So I’m taking one step toward not dealing with that by extending our self-renewal offer for one more week — but one more only! So if you’ve been procrastinating, you now have until next Wednesday to get your renewal forms in for $45 (there’s a form on page 8A). After that, it will go up to $50 and you’re going to force me to send out renewal cards to the unrenewed.

 

At this point, let me say that, once again, I have been overwhelmed with the kindness of so many who have already renewed with your extra notes. The kind words, small donations, suggestions for future stories and ideas ... believe me, they are all really appreciated. 

 

As for the coming year, what’s next? I can’t say for sure; in fact, in the past I’ve said we’ll have this or do that, but then it hasn’t been the case yet, so I’m trying to avoid that trap again. 

 

Take something as simple as a cross-word and/or a couple of word games. I promised a crossword months ago, but I don’t want to start anything until I can guarantee I have the space to include it every week, so I keep hesitating. Maybe we’ll take that idea to advertisers and see if we can’t generate enough revenue to just grow the base of the paper from 16 pages to 18.  

 

So let me just say I’m always thinking about what else we can add and how we can go about doing it with limited resources and limited hands on deck. 

 

The biggest question I get is when we’re going to have more than one paper a week. It won’t be soon. And if it happened, it would likely be more toward an anniversary, when I could make a smoother subscription transition because obviously subscription rates would have to come close to doubling to add a second edition a week.  

 

I will say, I have been giving the idea more thought lately, but again, for now, let’s work on improving what we’ve got before taking on more than maybe we can handle.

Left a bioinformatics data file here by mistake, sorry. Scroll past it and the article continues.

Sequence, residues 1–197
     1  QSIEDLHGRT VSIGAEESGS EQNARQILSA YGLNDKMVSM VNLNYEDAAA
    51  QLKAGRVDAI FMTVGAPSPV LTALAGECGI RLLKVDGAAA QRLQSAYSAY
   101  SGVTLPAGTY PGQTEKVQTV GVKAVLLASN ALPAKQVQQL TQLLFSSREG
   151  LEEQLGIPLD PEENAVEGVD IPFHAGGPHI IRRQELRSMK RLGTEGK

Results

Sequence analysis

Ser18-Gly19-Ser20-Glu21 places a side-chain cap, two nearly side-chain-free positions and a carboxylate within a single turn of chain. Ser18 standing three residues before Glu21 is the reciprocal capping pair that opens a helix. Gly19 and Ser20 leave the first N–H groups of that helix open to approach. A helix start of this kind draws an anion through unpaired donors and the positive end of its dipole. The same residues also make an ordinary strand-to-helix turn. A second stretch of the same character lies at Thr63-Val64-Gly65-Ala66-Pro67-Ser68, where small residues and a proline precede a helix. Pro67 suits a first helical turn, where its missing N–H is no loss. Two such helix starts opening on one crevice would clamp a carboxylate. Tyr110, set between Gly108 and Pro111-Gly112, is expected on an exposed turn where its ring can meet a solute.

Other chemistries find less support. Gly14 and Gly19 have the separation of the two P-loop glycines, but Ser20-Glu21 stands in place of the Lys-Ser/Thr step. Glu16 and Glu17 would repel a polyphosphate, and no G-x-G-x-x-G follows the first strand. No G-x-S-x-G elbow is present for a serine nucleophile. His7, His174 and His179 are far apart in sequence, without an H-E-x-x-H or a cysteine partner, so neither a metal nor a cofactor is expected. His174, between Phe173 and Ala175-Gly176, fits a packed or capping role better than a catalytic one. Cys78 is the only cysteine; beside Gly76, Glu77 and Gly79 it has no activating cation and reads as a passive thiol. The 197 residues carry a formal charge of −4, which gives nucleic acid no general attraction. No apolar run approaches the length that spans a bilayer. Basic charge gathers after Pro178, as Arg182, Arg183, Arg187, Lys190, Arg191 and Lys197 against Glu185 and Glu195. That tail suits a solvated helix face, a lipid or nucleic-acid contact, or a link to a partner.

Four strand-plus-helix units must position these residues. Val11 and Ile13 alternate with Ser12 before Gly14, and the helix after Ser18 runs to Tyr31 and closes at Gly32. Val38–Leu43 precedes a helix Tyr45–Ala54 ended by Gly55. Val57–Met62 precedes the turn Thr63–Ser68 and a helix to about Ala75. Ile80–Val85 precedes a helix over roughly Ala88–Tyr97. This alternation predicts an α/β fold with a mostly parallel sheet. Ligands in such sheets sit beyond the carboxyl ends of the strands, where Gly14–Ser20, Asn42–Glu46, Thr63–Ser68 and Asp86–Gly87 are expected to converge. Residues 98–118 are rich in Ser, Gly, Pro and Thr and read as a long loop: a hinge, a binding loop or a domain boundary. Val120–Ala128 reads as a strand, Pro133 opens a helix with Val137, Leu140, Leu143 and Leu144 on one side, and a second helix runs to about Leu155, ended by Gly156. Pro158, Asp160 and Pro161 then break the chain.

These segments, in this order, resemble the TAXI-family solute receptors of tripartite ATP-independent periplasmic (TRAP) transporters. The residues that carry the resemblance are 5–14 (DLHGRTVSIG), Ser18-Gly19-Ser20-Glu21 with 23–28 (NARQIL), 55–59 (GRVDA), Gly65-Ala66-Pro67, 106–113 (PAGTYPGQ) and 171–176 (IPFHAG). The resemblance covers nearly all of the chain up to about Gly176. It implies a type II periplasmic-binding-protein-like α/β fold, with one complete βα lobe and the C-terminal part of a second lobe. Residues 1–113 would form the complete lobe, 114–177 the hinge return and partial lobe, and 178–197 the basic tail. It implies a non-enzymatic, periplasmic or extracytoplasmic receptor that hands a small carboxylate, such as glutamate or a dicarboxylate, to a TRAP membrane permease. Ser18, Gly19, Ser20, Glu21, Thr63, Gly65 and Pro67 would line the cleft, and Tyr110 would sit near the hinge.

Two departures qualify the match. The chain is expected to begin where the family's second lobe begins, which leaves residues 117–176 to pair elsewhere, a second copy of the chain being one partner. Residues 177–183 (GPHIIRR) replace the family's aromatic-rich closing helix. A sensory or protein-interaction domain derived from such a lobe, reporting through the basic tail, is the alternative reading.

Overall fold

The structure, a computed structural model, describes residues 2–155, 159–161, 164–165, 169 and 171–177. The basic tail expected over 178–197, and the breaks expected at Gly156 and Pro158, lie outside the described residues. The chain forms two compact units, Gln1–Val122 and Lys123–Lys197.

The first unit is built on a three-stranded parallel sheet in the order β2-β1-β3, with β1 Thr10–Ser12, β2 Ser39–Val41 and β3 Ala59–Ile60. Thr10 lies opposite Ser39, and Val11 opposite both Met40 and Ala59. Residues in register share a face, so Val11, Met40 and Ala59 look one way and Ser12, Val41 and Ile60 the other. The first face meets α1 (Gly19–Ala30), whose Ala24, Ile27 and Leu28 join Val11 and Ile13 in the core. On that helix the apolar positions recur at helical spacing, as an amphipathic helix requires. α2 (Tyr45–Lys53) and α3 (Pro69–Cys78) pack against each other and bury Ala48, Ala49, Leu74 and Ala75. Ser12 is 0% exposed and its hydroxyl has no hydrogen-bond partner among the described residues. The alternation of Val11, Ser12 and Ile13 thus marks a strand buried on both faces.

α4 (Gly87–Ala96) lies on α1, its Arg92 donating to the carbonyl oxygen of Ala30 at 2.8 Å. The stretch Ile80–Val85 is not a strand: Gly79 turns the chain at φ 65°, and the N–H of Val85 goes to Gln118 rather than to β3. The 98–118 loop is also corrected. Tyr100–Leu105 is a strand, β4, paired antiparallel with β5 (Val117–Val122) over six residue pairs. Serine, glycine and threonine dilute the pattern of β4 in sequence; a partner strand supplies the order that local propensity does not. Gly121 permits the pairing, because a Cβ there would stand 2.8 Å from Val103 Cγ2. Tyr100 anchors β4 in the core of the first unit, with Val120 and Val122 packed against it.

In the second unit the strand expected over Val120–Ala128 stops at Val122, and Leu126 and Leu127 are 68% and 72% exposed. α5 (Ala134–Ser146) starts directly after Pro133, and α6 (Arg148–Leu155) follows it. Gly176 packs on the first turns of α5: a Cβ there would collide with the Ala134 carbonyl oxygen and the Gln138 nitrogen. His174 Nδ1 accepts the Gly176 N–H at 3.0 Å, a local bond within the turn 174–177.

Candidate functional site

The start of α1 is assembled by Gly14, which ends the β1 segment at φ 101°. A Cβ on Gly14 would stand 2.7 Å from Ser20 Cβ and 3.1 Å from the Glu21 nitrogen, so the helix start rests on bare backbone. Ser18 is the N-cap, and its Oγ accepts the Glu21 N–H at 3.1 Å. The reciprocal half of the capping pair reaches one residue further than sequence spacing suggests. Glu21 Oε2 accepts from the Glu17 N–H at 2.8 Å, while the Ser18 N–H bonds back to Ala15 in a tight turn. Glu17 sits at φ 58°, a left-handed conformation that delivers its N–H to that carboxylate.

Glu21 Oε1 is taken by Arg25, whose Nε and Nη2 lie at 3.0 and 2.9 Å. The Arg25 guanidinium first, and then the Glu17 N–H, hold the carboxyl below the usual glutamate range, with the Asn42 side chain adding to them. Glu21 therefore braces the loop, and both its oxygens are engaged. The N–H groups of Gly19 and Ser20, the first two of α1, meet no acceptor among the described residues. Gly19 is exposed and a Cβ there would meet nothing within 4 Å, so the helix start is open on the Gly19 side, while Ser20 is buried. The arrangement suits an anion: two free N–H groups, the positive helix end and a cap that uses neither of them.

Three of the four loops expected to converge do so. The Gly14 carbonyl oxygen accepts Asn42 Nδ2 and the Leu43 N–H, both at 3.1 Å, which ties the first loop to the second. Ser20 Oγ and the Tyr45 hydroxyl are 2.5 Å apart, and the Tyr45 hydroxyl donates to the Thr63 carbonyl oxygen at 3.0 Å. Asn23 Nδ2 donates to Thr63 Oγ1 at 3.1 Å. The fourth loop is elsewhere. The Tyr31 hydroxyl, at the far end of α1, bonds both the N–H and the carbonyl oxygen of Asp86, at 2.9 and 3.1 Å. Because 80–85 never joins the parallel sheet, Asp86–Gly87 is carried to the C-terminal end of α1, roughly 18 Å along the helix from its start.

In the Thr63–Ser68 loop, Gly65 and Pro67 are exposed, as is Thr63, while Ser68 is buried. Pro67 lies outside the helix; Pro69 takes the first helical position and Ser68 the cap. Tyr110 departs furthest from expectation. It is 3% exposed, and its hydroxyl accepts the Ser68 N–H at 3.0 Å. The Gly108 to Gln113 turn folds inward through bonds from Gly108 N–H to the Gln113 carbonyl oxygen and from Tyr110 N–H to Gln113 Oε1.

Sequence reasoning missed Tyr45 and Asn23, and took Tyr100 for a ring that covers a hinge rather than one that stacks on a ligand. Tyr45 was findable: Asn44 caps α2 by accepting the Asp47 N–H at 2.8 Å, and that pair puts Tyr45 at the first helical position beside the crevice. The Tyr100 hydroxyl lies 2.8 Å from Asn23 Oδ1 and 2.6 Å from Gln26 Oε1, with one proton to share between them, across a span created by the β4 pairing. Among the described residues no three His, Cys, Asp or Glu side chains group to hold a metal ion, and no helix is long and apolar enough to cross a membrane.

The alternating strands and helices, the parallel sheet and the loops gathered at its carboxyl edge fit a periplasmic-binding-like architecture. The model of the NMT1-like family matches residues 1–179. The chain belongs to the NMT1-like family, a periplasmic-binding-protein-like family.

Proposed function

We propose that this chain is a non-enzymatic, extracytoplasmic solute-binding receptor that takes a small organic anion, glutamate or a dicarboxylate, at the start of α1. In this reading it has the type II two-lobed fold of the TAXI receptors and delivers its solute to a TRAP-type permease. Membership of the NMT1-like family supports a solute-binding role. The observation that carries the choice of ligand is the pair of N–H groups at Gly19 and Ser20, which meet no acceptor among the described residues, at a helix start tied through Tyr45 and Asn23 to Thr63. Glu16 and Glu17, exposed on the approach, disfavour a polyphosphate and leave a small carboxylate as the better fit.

Right now, I’m just trying to do something with extra newspapers than just add them to a landfill. The NC Zoo took a big chunk for paper mache eggs for their residents. They’ve suggested next up could be the Greensboro Science Center. Or maybe I’ll have a giveaway day for local gardeners and people with fireplaces looking for a newspaper to start a fire. I want to also get together with Hospice and groups like Meals on Wheels to see if we can’t get papers to places they don’t normally go. 

 

So you see, sometimes the little ideas can take up as much time as the big ones. 

 

Reading over this, I realize that I’ve said a lot without really saying much of anything, which is one of my superpowers. But let me finish with a clear message:

 

Thank you. 

 

Thank you to the readers for putting your trust in this venture. Thank you to the advertisers for giving us a chance and the many business owners who are sticking with us for a second year. Thank you to Beth Farrell and Larry Penkava and Mike Duprez and Eric Abernethy and all of the writers and photographers and others helped bring this all together. And to Mary for her generosity in space and time.

 

There would be no Hub without any of The future is bright because of all of you. 

 

On to Year 2!

 

Ray Criscoe is owner and editor of the Randolph Hub.